Robert Doerschuk- Glitter and Glue – the everyday players who bind New Orleans music together all have their own ways of dealing with hard times in the Big Easy.
He got off the bus with a guitar case in his hand, a total stranger. “I checked into a hostel,” he remembers. “Then I started going to all these open mikes. I ran into a guy called Dave Sharp, who used to be in an English band called the Alarm; he was running a writers-in-the-round thing, where anybody could show up and play in the circle. I heard all these great people there, like Anders Osborne, a terrific Swedish songwriter and guitar player who’d moved to New Orleans.
“And there was this openness I’d never seen anywhere else. I’d never been in a place where musicians of this caliber would take a kid like me seriously and show me their techniques: ‘Slide guitar? There ain’t nothin’ to it. Here, this is what you do …'”
West found a foothold in the city’s small but tough cluster of Americana performers. He started playing at the Kerry Irish Pub, and then at Margaritaville, where he worked his way up to three nights a week. Both of those gigs continued to the last days before Katrina. The miracle was that he never had to play anyone else’s material — “not even a Jimmy Buffett song at Margaritaville,” he says, laughing.
“Nobody cared, as long as you entertained people. So for three or four hours I could work out my tunes, try ’em on the audience, and build up my technique. I just loved these clubs like the Circle Bar, that would have the Lost Bayou Ramblers, this great young Cajun band from Lafayette, and then my wife Katie and me as Truckstop Honeymoon, and the next night it would be some punk band.”
Throughout their time in New Orleans, Mike and his family lived in the lower Ninth Ward. “It was an old, blue-collar, mainly African-American neighborhood,” he says. “Real estate agents would say it’s on the wrong side of the industrial canal, but the lots were big, with this semi-rural yard farmer thing going. People kept chickens and horses. There were great folks there, the best friends I ever had. Nobody had proper air conditioning, so when it got hot inside you’d go out and find some shade. If you were having an argument at the time, your neighbors heard it all. But it was magical to go out one morning and there’s somebody wearing an Indian headdress and riding a horse. The place was full of life.”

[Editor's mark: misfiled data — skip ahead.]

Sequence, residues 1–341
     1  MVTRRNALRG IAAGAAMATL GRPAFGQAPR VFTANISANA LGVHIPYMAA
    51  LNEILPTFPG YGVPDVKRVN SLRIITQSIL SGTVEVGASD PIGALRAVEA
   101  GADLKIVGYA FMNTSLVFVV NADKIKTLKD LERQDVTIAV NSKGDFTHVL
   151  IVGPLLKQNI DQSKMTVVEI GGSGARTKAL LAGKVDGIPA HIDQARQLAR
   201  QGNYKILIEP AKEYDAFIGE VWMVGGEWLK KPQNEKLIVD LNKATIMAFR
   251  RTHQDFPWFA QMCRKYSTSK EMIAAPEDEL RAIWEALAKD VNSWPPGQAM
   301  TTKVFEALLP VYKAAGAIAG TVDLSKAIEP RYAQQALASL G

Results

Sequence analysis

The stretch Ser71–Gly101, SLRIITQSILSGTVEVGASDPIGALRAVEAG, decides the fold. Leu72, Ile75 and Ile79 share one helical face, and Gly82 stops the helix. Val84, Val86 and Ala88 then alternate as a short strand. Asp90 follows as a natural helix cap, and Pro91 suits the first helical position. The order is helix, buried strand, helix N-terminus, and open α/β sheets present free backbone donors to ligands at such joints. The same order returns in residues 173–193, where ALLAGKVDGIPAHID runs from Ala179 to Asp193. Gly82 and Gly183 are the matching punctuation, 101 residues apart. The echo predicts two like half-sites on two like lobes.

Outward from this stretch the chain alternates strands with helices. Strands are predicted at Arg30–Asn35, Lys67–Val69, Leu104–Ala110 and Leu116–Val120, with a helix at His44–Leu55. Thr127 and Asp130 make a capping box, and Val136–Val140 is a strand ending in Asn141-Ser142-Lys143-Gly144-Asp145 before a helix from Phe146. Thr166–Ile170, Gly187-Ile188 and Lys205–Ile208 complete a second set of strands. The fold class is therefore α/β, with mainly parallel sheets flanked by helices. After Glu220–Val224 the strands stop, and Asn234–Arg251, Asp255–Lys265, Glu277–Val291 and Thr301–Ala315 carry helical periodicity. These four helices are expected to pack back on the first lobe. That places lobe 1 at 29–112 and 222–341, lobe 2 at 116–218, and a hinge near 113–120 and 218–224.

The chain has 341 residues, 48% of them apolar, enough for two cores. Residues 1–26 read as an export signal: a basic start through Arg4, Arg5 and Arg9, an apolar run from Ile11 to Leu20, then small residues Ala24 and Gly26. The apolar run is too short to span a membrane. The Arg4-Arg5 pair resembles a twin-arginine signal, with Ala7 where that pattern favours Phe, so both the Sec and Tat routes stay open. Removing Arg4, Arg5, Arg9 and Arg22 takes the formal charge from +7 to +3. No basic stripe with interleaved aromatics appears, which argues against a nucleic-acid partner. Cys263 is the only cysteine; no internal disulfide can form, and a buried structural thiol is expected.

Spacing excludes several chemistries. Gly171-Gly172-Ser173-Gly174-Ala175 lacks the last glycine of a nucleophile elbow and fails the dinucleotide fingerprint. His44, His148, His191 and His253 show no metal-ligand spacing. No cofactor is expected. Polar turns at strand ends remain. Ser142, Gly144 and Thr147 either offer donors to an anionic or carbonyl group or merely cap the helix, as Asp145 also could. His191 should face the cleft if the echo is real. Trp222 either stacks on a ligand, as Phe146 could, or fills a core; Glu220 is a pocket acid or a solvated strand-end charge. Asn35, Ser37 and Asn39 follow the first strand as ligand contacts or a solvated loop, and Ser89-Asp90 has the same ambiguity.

The city’s tolerant vibe encouraged West to stretch out. He played only guitar when he moved in; today he’s more likely to pick banjo or mandolin, both of which he practiced while kicking back on his porch. “I was listening to old country records when I came to New Orleans, but being there opened me to other things and took me beyond style,” he says. “You can go in as some smartass with a lot of musical tricks, but the community in New Orleans said, ‘Look, it’s got to come from the gut and the heart. It doesn’t matter how it’s dressed up, as long as it reaches people and feels good to sing.’
“I’d been trying to make it in the British indie pop scene, where it’s all about getting airplay. You get really snotty about stuff like, ‘Man, that band sucks.’ But then I moved to the city and I realized that I just like to play. As long as I can book gigs, I’m a happy man. New Orleans just opened me up as a musician.”